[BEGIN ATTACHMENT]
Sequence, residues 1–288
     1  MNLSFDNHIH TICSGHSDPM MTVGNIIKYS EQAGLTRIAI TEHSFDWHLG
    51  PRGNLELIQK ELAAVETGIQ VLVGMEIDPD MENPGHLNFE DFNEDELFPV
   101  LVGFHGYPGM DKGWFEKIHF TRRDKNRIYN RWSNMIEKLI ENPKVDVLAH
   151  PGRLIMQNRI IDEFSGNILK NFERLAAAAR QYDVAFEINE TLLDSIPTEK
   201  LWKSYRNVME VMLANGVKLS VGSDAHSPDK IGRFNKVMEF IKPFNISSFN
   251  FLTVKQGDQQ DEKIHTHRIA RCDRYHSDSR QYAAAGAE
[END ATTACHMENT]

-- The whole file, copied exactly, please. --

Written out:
Sequence, residues 1–288
     1  MNLSFDNHIH TICSGHSDPM MTVGNIIKYS EQAGLTRIAI TEHSFDWHLG
    51  PRGNLELIQK ELAAVETGIQ VLVGMEIDPD MENPGHLNFE DFNEDELFPV
   101  LVGFHGYPGM DKGWFEKIHF TRRDKNRIYN RWSNMIEKLI ENPKVDVLAH
   151  PGRLIMQNRI IDEFSGNILK NFERLAAAAR QYDVAFEINE TLLDSIPTEK
   201  LWKSYRNVME VMLANGVKLS VGSDAHSPDK IGRFNKVMEF IKPFNISSFN
   251  FLTVKQGDQQ DEKIHTHRIA RCDRYHSDSR QYAAAGAE